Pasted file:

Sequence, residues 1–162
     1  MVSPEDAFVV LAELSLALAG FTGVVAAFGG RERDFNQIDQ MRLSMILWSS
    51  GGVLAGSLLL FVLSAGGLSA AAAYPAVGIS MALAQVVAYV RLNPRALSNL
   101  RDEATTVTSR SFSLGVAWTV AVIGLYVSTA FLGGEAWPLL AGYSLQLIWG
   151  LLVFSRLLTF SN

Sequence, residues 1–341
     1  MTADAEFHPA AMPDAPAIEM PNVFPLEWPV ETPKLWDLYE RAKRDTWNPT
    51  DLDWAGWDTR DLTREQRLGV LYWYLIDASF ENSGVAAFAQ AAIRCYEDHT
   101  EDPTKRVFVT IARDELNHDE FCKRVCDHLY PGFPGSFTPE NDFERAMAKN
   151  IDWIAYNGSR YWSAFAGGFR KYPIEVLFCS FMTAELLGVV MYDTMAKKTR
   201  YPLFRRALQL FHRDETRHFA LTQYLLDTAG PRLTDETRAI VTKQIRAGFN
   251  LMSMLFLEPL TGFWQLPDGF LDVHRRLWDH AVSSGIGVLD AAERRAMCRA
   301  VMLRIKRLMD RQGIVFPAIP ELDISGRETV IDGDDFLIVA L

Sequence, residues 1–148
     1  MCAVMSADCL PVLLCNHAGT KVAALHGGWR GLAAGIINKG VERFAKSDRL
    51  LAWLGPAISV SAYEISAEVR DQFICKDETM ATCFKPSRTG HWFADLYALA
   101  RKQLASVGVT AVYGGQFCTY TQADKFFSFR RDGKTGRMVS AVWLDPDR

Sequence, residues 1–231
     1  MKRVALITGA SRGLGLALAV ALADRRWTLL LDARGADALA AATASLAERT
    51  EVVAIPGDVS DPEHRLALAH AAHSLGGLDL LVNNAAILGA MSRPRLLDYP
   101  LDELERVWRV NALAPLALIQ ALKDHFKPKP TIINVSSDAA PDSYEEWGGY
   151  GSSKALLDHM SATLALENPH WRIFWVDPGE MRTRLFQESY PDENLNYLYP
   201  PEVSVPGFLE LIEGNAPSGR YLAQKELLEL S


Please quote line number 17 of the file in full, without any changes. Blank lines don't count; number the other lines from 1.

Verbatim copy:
   101  RKQLASVGVT AVYGGQFCTY TQADKFFSFR RDGKTGRMVS AVWLDPDR